Christians Will Get Through This — Better Than Others, and For Them

People who believe in traditional faith and morals know what's coming and what to do. The world may find it needs us

By Peter Wolfgang Published on March 22, 2020

It was 1978. I was eight years old. A second grader in Manchester, CT. My grandmother took me into downtown Hartford, because she wanted me to see the Hartford Civic Center. Not an interesting building to look at. No historical significance. Just a big building that hosted big events.

The roof had collapsed. The New York Times reported, “the roof groaned and then slumped, first in one section and then the rest. Fourteen hundred tons of twisted steel tresses and lightweight gypsum concrete fell almost, evenly onto the 10,000 empty seats below.” The ten people in the building were not hurt.

Just six hours prior to the roof’s collapse, almost 5,000 people had been present to watch a UConn men’s basketball game. My best friend was there. So was my uncle. Had the roof collapsed during the game, all those people might have died. Both the will of God, and his great mercy, were evident that day.

To my grandmother, it was a sign of human frailty. “Man thinks he is in charge but he is not,” she told me. “Remember the Tower of Babel. Whenever we start to think like that, God will humble us.”

We Worship the Great “I AM”

Christians are, I believe, better prepared — psychologically, emotionally, spiritually — to weather the present crisis than are many of our fellows. People who believe in traditional faith and morals know what’s coming and what to do. For two reasons.

First, because we worship “the Great I AM,” not “the Great Whatever.” That was, almost literally, how The Hartford Courant closed a front page Coronavirus story last Sunday, on what it thought was a reassuring note.

And as forced isolation and social distance increasingly took their toll on his congregants, Olsen, the Norfolk pastor, spoke about collective wisdom, unity and faith,” the editors declared. Then they quoted Olsen: “That’s really the bottom line, for us to be able to remember that through all of this, whatever comes, we recognize that we’re in the hands of whatever we choose to call God. That makes a huge difference.”

Last Sunday, some Americans looked to “whatever we choose to call God.” Good luck with that. We are, almost overnight, a more serious country than that.

Those churches that you see on the main street of almost any town? The ones with a giant rainbow flag? Their congregants may be emptying out of those buildings very soon, on a search for The Real Thing. We need to be there for them when they do.

We’ve Been Here Before

Second, because Christians have been here before. An upheaval in our financial and political systems disorients all of us. We all dislike being isolated from each other and being kept from worshiping together. But this is not our first rodeo. We’ve seen our world turn itself upside down.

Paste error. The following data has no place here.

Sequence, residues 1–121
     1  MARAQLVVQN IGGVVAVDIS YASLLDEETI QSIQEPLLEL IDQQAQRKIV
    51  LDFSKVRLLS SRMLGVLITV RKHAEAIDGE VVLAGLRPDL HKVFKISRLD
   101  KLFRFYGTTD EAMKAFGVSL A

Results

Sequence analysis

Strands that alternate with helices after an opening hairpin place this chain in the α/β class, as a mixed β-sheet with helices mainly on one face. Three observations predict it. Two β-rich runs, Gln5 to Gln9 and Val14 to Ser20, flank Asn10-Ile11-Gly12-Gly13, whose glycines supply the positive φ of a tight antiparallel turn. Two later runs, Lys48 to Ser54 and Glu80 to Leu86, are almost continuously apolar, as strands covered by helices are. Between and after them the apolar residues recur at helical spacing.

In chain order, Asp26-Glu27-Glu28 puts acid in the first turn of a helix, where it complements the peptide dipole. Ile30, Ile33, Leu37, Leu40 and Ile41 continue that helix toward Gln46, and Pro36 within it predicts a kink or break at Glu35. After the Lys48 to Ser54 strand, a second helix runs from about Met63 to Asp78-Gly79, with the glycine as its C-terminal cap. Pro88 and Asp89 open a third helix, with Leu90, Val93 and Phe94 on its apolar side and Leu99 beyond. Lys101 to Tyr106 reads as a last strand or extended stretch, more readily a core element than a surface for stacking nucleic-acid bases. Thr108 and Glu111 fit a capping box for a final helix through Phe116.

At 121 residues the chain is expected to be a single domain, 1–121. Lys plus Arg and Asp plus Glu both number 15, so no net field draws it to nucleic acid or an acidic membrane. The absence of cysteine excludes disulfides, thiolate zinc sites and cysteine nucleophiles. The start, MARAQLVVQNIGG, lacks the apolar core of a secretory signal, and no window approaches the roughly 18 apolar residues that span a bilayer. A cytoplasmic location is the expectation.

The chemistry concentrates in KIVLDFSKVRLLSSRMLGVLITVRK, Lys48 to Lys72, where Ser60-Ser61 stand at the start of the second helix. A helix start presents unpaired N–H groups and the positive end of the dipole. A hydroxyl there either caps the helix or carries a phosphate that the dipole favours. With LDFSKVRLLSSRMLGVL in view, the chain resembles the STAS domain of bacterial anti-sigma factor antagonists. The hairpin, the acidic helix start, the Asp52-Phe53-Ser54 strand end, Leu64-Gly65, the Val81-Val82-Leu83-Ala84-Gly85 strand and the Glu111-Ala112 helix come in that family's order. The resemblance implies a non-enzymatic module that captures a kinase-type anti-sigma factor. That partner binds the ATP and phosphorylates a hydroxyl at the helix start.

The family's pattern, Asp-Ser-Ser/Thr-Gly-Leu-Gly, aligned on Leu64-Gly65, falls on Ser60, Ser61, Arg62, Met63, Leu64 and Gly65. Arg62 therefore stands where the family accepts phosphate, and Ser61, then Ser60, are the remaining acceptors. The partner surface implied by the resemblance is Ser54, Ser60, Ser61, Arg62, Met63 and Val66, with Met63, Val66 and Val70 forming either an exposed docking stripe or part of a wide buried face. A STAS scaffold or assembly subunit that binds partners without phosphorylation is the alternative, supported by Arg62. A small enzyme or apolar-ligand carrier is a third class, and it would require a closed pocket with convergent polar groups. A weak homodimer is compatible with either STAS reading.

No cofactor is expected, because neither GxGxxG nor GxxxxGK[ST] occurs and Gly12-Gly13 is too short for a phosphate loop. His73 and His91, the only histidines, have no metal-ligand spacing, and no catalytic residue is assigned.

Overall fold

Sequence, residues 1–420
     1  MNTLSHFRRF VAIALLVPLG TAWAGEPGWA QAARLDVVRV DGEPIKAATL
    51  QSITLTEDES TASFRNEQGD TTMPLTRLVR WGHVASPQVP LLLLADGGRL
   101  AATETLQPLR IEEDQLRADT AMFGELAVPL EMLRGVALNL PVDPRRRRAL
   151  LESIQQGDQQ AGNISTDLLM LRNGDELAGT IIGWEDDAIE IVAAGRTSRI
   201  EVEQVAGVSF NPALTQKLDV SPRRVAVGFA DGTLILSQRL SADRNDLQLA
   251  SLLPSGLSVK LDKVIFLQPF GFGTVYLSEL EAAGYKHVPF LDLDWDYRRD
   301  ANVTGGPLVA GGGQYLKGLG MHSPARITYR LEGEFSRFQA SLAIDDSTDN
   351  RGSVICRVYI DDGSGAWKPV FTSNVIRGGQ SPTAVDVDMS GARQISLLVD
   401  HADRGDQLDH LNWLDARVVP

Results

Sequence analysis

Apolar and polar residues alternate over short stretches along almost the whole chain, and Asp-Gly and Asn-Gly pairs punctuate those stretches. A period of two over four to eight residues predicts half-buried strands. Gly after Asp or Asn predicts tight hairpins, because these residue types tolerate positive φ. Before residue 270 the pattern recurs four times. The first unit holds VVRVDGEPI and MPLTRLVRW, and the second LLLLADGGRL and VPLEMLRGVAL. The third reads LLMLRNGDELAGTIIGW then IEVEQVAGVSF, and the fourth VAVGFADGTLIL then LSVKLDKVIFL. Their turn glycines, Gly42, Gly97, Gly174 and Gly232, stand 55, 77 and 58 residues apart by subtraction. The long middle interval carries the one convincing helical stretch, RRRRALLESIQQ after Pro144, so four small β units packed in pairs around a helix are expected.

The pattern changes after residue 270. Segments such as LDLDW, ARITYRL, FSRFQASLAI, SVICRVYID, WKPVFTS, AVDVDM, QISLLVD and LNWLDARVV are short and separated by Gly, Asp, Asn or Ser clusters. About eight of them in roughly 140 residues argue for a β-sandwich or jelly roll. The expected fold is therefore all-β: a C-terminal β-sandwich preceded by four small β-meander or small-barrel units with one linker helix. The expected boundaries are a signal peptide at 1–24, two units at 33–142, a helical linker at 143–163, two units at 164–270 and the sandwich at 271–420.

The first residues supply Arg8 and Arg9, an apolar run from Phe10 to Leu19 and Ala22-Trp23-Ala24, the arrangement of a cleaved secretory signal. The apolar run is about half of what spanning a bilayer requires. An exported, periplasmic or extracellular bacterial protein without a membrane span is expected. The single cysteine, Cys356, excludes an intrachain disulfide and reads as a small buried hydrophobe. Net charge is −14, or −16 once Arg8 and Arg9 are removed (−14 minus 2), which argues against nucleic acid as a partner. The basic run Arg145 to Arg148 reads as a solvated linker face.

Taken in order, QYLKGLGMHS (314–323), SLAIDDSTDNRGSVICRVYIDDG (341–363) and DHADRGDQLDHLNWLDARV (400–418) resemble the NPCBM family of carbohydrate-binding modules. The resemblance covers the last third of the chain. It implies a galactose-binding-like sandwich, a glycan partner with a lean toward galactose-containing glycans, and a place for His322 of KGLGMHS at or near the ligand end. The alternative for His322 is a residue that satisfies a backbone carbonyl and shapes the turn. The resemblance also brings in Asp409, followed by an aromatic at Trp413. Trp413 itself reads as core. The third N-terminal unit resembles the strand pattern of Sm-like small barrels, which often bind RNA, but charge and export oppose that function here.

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In just the past few years, we have seen marriage redefined. Nuns told to provide abortion drugs. The White House bathed in rainbow colors. Biological boys competing against girls in girls high school sports. Drag Queen Story Hour for toddlers at public libraries. Celebrities publicly crediting their abortions for their material wealth. The governor of Virginia openly defending the practice of babies, who survive an abortion, being left to die.

People who believe in traditional faith and morals already know what it is like to have society suddenly upended all around us. Our fellow citizens who erroneously thought themselves to be “on the right side of history” are likely to experience the current upheaval more acutely than us. We need to be there for them.

We Need to Be There

The smallness of man was not the only lesson my grandmother sought to impart that day. I remember her dwelling in particular on the mercy of God. As with the Hartford Civic Center roof, so with the Coronavirus Pandemic. God does not will that bad things not happen. But he does will that through them good should be done. He always has his purpose.

Through all this, we have fought the good fight. We have kept the faith. We will do so again. This time, in a crisis that binds us all together, even as the social distancing requires us to be separate.

We do this just for ourselves, our families, and our friends. For everyone. Including all those who see us as their enemy. Maybe especially them. If we don’t point them to the true hope that is Jesus Christ, who will?


This appeared as a March 20th, 2020, email alert to the members of the Family Institute of Connecticut from executive director Peter Wolfgang. It has been revised for The Stream‘s readers. He lives in Waterbury, Connecticut, with his wife and their seven children. The views expressed on The Stream are solely his own.

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